Airbus on Tuesday released ‘The Great Enabler: Aerospace in Africa’ – a White Paper on the role of aerospace technologies and their impact on socio-economic development in Africa.
The extensive report looked at how different segments of the industry can address a core set of challenges on the continent by increasing access to healthcare; enhancing food security by making African agriculture more competitive and sustainable; promoting education, training and innovation; empowering businesses with innovative products and solutions; and breaking down barriers to the movement of people and goods across Africa.
The report was officially launched at a special summit convening African government officials, policymakers, business leaders, entrepreneurs, intergovernmental bodies and multilateral development organisations in Toulouse, France.
“The aerospace industry offers solutions to many of the socio-economic challenges Africa is facing on the path to sustainable development. A paradigm shift from thinking about aerospace as an isolated industry to a key enabler of socio-economic change is necessary to realise its benefits for a prosperous future.
“That is what this White Paper is aiming at, by highlighting different ways in which aerospace technology can support social and economic development in Africa,” said President Airbus Africa Middle East, Mikail Houari.
The white paper analysed the role of aerospace technologies in sectors with the greatest possible impact on social and economic development including manufacturing and industrialisation, civil aviation, agriculture, healthcare and humanitarian assistance:
On manufacturing and industrialisation, many African countries are final consumers in the global aerospace value chain. Joining the ranks of producers in this value chain is challenging for many but not impossible.
The examples of Africa’s current leaders in aerospace – South Africa, Tunisia and Morocco – demonstrate the complexities but also the opportunities for African countries to develop aerospace manufacturing and industrialisation capacity.
Key among these opportunities was Africa’s potential demographic dividend, which will be achieved by investing in its youthful and increasingly techno-savvy population.
In the aviation sector, Airbus observed that the key question remains how to connect people to markets and goods in a faster, cheaper and more efficient way in order to maximise the sector’s role as an economic engine and a vehicle for greater integration in Africa.
Airbus said agriculture is perhaps the most consequential pillar of the continent’s sustainable development. However, despite employing more than 60 percent of Africa’s population, the sector contributes only about 15 percent of the continent’s GDP as underlying challenges persist.
Aerospace technology such as precision farming could potentially reverse this situation by enabling farmers to produce more with less.
In terms of access to healthcare, Airbus noted that this is still a challenge for many rural populations. While building on the existing technologies in the sector – such as air ambulances – new technology will further change the dynamics of access to medical care and emergency response in terms of quantity, distance and data collection.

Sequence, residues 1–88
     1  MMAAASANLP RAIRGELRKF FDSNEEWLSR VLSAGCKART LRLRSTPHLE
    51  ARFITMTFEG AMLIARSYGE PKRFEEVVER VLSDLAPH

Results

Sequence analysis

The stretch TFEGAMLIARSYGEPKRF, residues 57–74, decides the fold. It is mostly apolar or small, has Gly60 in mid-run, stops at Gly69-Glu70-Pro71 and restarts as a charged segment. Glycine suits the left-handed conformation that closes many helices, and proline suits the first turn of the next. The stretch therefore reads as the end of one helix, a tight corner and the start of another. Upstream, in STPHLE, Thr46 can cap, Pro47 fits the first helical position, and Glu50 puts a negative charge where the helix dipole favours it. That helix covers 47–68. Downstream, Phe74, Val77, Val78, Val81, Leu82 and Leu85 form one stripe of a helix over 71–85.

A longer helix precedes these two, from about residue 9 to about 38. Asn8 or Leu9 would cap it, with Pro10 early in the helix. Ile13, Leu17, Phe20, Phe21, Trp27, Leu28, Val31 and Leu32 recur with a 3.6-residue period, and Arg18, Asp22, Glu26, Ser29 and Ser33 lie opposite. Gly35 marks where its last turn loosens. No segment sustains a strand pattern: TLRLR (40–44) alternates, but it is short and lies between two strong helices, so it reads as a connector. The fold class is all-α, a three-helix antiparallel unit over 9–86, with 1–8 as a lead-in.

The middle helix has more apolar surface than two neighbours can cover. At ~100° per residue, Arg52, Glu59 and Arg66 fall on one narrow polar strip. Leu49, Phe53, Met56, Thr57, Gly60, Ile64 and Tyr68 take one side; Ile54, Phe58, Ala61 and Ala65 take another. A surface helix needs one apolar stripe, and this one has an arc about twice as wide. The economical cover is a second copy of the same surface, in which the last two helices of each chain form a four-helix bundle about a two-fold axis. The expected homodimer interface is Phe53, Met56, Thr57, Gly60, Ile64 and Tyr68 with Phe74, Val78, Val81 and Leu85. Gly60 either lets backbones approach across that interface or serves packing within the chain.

The report also stresses the need for clear government policies to harness the power of aerospace technology, concluding with key recommendations on human capital development, partnerships and financing.
The research was based on a 30 in-depth interviews with a cross-section of stakeholders including: African Union Commission, United Nations Economic Commission for Africa, African Development Bank, United Nations World Tourism Organisation, World Bank, International Finance Corporation, Kenya Red Cross, International Air Transport Association
African Airlines Association, South African National Space Agency, Nigeria’s National Space Research and Development Agency, Airbus Bizlab, Farmerline, Air Mauritius, Air Seychelles, Congo Airways, Fastjet, Overland Airways, Aerosud, Denel Aerostructures, Lazard, MARA Group, One2Five Advisory, Ag.Aviation Africa, ch-Aviation.
On how government policies impinge on development of aviation and the distribution of goods in Africa, the former Managing Director of the Federal Airports Authority of Nigeria (FAAN) Richard Aisuebeogun observed that poor policy implementation among other factors are the major reasons why the continent is behind in aviation development.
Being the second largest continent in the world, aviation experts believe that interconnectivity would boost the region’s economy through trade, encourage manufacturing, as it would be easier to move manufactured goods among the countries in the continent than to import from Asia, Europe and the Americas. It would also boost tourism.
Aisuebeogun, said the inability of states to implement policies that would encourage and enhance airline growth in many countries in Africa led to the failure of many airlines in the continent both state and privately carriers.
“A report of survey carried out in May, 2016 says over the past 12 years nearly 37 airlines were launched in Africa, and almost all of them had failed – 25 of which are from Nigeria. Today only about 12 Africa Airlines have inter-continental operations.
“The more we realise that airlines are not a luxury but a necessity in our remote villages and hub cities, the more we can change our thinking and make sustained efforts to ensure that airlines are supported and developed for the accelerated development of our economies and improvement of our livelihoods,” Aisuebeogun said.